I was recently at a restaurant and was skimming their drink menu when I came across a special section of mocktails; non-alcoholic cocktails. While I am aware that restaurants often have alcohol-free cocktail options, such as your classic Shirley Temple, this specific menu felt novel. In fact, it boasted that their mocktails were constructed using the first ever distilled non-alcoholic spirits! I drew an assumption that this was perhaps a marketing technique meant to target a growing population of individuals that are choosing to go alcohol-free for health purposes, but still want to have a “drink” at happy hour or with dinner.
You may have recently seen news coverage about the sober living movement, or as author Ruby Warrington has coined it, the “sober curious” movement. Simply put, this movement is about individuals reconsidering their drinking habits to attain optimal health and wellness. Before dismissing this movement as a fad, it appears that it has gained popularity and may have longevity. There has been an increased demand for alcohol-free cocktails and beers. Sober bars, establishments with zero alcohol, have popped up across the U.S.
This leaves us wondering, “do I need to quit drinking to live a healthy lifestyle?” To explore this question, we must first look at the research regarding alcohol use and health.
We have learned from research that excessive drinking can cause a myriad of short-term and long-term health risks; including motor vehicle accidents, risky sexual behavior, heart disease, and liver cancer. Studies have also suggested that practicing moderate drinking can provide certain health benefits, but these findings could be related to additional interacting factors (e.g. health behaviors, genetics). A recent eye-catching study published in The Lancet analyzed alcohol use and its health effects in 195 countries and territories from 1990-2016. Researchers utilized 694 data sources, along with 592 prospective and retrospective studies. Findings indicated that the risk of all-cause mortality rises with increases in alcohol consumption. They also concluded that the safest amount of alcoholic drinks consumed to reduce health risks is zero. While these findings are significant, the current recommended drinking guidelines do allow for some alcohol consumption. The U.S. Department of Health and Human Services and U.S. Department of Agriculture recommend moderate drinking for current drinkers; defined as no more than one drink daily for women and two drinks daily for men. They also note that non-drinkers should not start drinking for any reason.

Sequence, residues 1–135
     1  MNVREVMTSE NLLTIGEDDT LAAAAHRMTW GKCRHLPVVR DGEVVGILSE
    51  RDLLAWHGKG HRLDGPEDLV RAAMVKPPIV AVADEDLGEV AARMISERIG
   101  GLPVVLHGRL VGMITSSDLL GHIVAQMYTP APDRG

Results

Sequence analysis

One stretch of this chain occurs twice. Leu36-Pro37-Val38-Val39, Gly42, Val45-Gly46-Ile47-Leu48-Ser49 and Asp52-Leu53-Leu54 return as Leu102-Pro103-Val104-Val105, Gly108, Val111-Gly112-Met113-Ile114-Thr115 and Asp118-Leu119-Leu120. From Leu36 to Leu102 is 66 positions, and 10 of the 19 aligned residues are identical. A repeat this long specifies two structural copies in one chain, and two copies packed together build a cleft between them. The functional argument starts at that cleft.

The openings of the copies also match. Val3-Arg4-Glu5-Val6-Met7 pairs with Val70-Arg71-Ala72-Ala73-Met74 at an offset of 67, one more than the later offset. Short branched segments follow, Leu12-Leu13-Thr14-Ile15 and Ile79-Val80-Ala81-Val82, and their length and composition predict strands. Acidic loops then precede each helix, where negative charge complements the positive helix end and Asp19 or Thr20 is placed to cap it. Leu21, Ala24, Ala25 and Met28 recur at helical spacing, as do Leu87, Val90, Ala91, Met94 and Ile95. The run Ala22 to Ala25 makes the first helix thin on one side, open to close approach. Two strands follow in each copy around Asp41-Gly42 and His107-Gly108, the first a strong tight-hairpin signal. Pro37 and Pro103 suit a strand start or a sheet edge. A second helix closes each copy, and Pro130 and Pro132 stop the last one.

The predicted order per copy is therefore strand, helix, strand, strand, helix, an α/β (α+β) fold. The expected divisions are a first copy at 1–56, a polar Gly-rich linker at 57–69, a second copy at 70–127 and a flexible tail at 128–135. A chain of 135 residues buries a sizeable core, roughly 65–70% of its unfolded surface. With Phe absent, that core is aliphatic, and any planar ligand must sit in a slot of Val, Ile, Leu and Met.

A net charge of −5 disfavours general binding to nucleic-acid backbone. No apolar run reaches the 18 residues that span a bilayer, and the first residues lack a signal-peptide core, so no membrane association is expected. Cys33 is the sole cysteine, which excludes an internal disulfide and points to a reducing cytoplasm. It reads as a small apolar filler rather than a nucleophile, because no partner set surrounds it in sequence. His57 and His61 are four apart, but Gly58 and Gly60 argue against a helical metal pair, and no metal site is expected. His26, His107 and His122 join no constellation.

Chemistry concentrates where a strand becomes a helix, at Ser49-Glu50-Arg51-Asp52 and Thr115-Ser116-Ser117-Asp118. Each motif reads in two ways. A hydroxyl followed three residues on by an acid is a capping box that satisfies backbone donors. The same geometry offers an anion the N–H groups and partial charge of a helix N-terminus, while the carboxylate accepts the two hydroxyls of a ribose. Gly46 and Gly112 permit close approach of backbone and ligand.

The sober living movement is a great option that works for some people, but it may not be for you. That’s OK! If you want to make strides towards optimal health and wellness and are a current drinker, we recommend you stay within moderate drinking levels using the following tips:
Make a plan as to how much alcohol you will drink over the evening or at the event. Stay aware of just how much you are drinking and keep your limit in mind.
When you’re out drinking, alternate non-alcoholic drinks with alcoholic ones and switch to non-alcoholic drinks altogether when you feel like you’ve reached your limit.
Don’t drink on an empty stomach; instead, eat before or while you drink. Food helps to absorb the alcohol and will minimize the negative effects of alcohol.
Order drinks by the glass, not by the pitcher or bottle. It’s easier to keep track this way and will be less tempting to over-indulge.
Drink slowly and concentrate on the food, people, and activities around you.